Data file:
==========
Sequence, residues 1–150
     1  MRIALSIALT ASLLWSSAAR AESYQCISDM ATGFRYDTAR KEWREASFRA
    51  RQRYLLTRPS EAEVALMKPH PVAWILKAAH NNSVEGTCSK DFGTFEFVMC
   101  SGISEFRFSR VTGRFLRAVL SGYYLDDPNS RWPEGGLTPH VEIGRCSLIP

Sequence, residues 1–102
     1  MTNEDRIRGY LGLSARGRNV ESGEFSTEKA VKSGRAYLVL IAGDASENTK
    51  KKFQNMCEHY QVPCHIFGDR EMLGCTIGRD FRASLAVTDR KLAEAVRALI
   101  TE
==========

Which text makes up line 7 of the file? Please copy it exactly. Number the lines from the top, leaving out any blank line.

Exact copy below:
    51  KKFQNMCEHY QVPCHIFGDR EMLGCTIGRD FRASLAVTDR KLAEAVRALI